ADHD and Voting in the November Election
Six Steps to Successfully Vote by Mail
Guest blog by Debbie Tracht, MA, ACAC
Last Tuesday, August 11, was Primary Election Day in my state of Vermont. As I hand-delivered my mail-in ballot, an alarm went off in my head. November’s presidential election is not going to be ADHD-friendly. It may involve requesting a mail-in ballot, completing it, and returning it, in a timely fashion.
For many people with ADHD, this will take some self-awareness and planning. Regardless of how one votes, this will be a critical election. There’s no wiggle room—you won’t get a lower grade if it’s late, or have to pay a penalty. Voting, and having your vote counted, has a firm deadline.
Why the alarm? One of the key characteristics of those with ADHD is difficulty with time or being “time blind,” described by ADHD specialist Ari Tuckman, PsyD, as “being unaware of the ticking of time.” Deadlines may seem far away until they are upon us—think taxes, registering for a course, etc.
Since there is so much unknown about what this country will look like in November, and whether mail-in voting will be our best option for staying safe, we need to recognize this challenge for our ADHD community and help to get this right. Even if it is the only, or perhaps first time, someone will do something early, this is the time.
How to Get It Right
- As soon as mail-in ballots are available, request one—even if you have months to do it.
- Make sure you have enough stamps. If not, schedule a stop at the post office (the ballot postage may be prepaid, but just in case).
- When it arrives, read through it right away or designate a time in your calendar to do so. First, make sure that it is the actual legitimate ballot from your state. Then, you’ll need to take time to do any research needed to make your voting decisions. Leave more time than you think you need.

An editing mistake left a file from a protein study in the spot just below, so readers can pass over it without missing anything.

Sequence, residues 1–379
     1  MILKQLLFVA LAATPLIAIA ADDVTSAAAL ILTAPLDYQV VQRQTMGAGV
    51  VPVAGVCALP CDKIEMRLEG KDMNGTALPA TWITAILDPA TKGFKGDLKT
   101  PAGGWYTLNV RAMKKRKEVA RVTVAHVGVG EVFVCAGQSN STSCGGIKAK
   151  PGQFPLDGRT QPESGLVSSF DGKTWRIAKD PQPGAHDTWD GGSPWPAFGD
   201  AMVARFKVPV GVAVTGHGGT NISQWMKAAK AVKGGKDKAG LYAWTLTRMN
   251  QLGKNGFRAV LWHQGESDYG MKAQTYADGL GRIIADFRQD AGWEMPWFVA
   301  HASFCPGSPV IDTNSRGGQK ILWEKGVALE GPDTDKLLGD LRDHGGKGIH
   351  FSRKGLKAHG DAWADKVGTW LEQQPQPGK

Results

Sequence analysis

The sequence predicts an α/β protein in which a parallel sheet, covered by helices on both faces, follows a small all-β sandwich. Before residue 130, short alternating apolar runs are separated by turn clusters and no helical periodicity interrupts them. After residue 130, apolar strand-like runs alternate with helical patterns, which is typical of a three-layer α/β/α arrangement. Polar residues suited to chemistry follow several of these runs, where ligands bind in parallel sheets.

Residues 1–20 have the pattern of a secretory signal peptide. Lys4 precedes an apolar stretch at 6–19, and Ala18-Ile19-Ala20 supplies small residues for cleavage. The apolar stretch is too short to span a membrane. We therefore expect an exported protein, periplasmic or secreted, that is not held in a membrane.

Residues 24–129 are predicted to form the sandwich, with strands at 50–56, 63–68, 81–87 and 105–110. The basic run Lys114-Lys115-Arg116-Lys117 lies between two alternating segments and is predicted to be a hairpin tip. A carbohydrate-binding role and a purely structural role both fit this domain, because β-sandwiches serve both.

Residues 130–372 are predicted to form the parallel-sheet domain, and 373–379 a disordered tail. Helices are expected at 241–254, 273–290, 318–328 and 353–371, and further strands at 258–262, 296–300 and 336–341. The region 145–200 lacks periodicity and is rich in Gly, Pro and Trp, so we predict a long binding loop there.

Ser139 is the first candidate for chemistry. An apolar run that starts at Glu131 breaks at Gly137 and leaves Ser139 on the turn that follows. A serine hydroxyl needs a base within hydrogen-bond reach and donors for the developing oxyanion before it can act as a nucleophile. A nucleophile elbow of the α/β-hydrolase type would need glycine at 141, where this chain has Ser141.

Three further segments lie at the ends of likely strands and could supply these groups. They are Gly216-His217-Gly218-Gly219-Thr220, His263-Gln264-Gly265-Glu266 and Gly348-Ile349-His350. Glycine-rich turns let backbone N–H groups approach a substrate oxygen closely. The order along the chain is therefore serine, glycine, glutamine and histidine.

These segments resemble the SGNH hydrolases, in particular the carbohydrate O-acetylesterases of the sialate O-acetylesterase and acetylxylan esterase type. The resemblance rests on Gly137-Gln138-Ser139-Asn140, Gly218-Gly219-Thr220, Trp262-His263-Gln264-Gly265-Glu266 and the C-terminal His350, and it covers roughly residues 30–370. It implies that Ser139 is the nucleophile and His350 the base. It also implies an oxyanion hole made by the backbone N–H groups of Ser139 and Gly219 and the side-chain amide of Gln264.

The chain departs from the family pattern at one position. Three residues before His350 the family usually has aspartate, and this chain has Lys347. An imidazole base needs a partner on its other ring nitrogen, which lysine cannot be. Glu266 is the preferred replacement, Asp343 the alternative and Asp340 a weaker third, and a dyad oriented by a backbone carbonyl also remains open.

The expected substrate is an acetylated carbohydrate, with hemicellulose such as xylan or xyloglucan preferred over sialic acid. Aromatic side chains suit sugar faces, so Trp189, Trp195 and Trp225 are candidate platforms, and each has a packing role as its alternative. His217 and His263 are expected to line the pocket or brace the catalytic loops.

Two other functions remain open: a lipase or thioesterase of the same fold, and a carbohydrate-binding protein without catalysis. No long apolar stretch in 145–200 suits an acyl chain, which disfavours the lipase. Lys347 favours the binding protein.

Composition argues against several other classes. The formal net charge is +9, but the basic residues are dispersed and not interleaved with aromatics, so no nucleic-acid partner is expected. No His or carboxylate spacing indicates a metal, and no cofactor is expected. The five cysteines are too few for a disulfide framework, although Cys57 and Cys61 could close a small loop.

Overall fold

- Complete the ballot.
- Put it in the envelope, seal it, and put it someplace where you will be sure to mail it.
- Mail it and buy yourself a treat. Job well done!
Find more specific information about voting deadlines and rules in this state-by-state guide to voting in the age of COVID-19. This excellent resource is updated regularly with the latest developments.
Although I do acknowledge that August and the voting season is officially over, but I have to praise CHADD for taking care of ADHDers and providing with proper care and guidance related to all walks of our life.Not everyone is able to do their work with such unflinching courage and continuous love for people suffering from ADHD.
Being someone who has closely observed ADHD and other mental health disorders, I exactly know how the people suffering from them need guidance and support to do things rightly. This saves them from self-doubt and disappointments that has the potential to seriously affect their mental peace and moods, as the co-occurence of other mental health disorders are very likely. I truly am happy to be a part of the CHADD family as a reader and believe their research and love will go a long way in helping people with ADHD. Those working with ADHD needs a tad bit of extra support as the anxiety might get better of their peace. I wish you all stay persistent in your efforts and continue to do the great work in future that you are doing. 🙂